With geom_step(), we get a histogram with just its outline drawn. This works quite well, I think. Because we’re just drawing the outline, we call it after we’ve drawn our histograms, so that it sits in a layer on top of them.
We can also scale the counts within bins, if we like, using ..ncount.., which is one of the statistics that stat_bin() computes along with the default ..count...
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df%>%pivot_longer(cols=pop_a:pop_c)%>%ggplot()+geom_histogram(mapping=aes(x=value,y=..ncount..,color=name,fill=name),stat="bin",bins=20,size=0.5,alpha=0.7)+geom_step(mapping=aes(x=pop_total,y=..ncount..),bins=20,alpha=0.9,color="gray30",size=0.6,stat="bin",direction="mid")+scale_fill_manual(values=alpha(my_oka,0.8))+scale_color_manual(values=alpha(my_oka,1))+guides(color="none",fill="none")+labs(x="Measure",y="Scaled Count",title="Comparing Subgroups: Histograms (Scaled Counts)",subtitle="Overall distribution shown in outline")+facet_wrap(~name,nrow=1,labeller=as_labeller(grp_names))
Frequency polygons
A final option, half way between histograms and smoothed kernel density estimates, is to use filled and open frequency polygons. Like geom_histogram(), these use stat_bin() behind the scenes but rather than columns they draw filled areas (geom_area) or lines (geom_freqpoly). The code is essentially the same as geom_histogram otherwise. We switch back to counts on the y-axis here.
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df%>%pivot_longer(cols=pop_a:pop_c)%>%ggplot()+geom_area(mapping=aes(x=value,y=..count..,color=name,fill=name),stat="bin",bins=20,size=0.5)+geom_freqpoly(mapping=aes(x=pop_total,y=..count..),bins=20,color="gray20",size=0.5)+scale_fill_manual(values=alpha(my_oka,0.7))+scale_color_manual(values=alpha(my_oka,1))+guides(color="none",fill="none")+labs(x="Measure",y="Count",title="Comparing Subgroups: Frequency Polygons",subtitle="Overall distribution shown in outline")+facet_wrap(~name,nrow=1,labeller=as_labeller(grp_names))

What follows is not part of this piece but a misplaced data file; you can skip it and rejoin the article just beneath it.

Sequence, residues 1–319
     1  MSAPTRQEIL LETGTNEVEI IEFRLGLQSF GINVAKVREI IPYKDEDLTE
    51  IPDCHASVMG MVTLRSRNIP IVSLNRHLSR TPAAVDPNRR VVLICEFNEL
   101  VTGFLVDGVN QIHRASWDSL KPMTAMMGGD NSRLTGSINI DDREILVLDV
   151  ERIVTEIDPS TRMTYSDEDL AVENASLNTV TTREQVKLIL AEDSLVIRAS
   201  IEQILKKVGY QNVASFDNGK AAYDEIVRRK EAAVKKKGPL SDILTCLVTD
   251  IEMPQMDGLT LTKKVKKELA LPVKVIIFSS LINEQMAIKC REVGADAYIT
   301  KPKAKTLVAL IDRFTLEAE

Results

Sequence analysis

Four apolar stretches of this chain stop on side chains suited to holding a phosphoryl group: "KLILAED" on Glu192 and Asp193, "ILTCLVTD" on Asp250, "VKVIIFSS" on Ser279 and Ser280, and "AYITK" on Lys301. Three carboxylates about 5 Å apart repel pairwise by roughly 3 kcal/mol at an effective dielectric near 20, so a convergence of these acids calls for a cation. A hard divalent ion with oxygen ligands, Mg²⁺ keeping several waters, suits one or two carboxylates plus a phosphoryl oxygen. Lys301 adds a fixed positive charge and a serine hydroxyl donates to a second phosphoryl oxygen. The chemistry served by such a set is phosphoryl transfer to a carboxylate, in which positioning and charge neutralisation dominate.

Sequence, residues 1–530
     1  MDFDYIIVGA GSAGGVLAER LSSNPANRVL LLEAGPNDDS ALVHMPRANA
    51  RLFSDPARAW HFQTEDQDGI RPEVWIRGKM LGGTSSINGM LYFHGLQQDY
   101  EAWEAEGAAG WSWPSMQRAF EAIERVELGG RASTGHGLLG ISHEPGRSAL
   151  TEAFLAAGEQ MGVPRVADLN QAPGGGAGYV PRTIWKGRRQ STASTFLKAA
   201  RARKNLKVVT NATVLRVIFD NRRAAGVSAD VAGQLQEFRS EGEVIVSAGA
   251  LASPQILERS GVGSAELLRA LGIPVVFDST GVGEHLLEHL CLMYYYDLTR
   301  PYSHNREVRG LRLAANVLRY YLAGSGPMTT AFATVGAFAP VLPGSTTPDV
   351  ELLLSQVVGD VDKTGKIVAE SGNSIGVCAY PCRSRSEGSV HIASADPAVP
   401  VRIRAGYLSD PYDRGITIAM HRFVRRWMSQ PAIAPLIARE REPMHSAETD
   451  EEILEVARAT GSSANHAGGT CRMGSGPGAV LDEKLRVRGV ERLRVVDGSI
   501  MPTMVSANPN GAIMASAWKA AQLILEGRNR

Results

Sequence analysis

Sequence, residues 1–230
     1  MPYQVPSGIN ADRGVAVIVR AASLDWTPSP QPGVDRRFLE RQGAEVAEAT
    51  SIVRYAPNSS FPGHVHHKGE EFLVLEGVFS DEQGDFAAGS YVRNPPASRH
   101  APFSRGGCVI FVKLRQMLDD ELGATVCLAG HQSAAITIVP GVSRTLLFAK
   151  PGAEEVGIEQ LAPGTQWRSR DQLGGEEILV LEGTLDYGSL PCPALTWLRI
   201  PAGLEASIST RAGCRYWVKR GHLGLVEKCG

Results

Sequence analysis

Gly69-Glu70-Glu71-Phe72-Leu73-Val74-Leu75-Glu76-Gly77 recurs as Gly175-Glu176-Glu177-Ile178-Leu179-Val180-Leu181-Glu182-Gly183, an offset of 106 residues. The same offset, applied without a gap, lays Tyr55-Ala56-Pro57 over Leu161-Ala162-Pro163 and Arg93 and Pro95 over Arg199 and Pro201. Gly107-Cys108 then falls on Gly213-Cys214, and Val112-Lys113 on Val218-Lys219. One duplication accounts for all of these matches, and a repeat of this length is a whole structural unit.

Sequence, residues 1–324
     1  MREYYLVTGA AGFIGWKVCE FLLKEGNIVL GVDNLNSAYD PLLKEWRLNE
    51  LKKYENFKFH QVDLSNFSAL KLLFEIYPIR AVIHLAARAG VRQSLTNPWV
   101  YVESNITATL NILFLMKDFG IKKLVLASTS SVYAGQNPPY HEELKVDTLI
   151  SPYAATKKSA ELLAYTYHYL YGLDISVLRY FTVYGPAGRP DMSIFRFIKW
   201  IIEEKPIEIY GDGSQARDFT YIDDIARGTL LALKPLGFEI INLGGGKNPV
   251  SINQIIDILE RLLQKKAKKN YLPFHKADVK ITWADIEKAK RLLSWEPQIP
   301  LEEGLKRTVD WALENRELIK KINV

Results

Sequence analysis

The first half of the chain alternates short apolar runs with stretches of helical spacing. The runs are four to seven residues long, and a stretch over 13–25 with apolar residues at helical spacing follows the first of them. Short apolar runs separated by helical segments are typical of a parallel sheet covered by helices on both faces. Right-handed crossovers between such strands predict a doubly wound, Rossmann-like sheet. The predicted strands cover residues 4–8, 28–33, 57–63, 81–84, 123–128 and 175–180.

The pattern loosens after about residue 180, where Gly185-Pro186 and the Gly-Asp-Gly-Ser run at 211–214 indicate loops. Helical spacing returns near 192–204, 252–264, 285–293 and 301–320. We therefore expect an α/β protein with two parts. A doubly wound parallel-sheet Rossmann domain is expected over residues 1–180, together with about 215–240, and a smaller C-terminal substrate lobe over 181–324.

We can scale the counts in frequency polygons, too:
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df%>%pivot_longer(cols=pop_a:pop_c)%>%ggplot()+geom_area(mapping=aes(x=value,y=..ncount..,color=name,fill=name),stat="bin",bins=20,size=0.5)+geom_freqpoly(mapping=aes(x=pop_total,y=..ncount..),bins=20,color="gray20",size=0.5)+scale_fill_manual(values=alpha(my_oka,0.7))+scale_color_manual(values=alpha(my_oka,1))+guides(color="none",fill="none")+labs(x="Measure",y="Count",title="Comparing Subgroups: Frequency Polygons (Scaled Counts)",subtitle="Overall distribution shown in outline")+facet_wrap(~name,nrow=1,labeller=as_labeller(grp_names))
And once more we can do both of these things with kernel densities, too:
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df%>%pivot_longer(cols=pop_a:pop_c)%>%ggplot()+geom_density(mapping=aes(x=value,color=name,fill=name),size=0.5)+geom_density(mapping=aes(x=pop_total),color="gray20",size=0.5)+scale_fill_manual(values=alpha(my_oka,0.7))+scale_color_manual(values=alpha(my_oka,1))+guides(color="none",fill="none")+labs(x="Measure",y="Density",title="Comparing Subgroups: Kernel Densities",subtitle="Overall distribution shown in outline")+facet_wrap(~name,nrow=1,labeller=as_labeller(grp_names))
For the scaled kernel densities we use ..ndensity.. on the y-axis.
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df%>%pivot_longer(cols=pop_a:pop_c)%>%ggplot()+geom_density(mapping=aes(x=value,y=..ndensity..,color=name,fill=name),size=0.5)+geom_density(mapping=aes(x=pop_total,y=..ndensity..),color="gray20",size=0.5)+scale_fill_manual(values=alpha(my_oka,0.7))+scale_color_manual(values=alpha(my_oka,1))+guides(color="none",fill="none")+labs(x="Measure",y="Density",title="Comparing Subgroups: Kernel Densities (Scaled)",subtitle="Overall distribution shown in outline")+facet_wrap(~name,nrow=1,labeller=as_labeller(grp_names))
While these look good, kernel densities can be a little tricker for people to interpret than straightforward bin-and-count histograms. So it’s nice to have the frequency polygon as an option to use when you just want to show counts on the y-axis.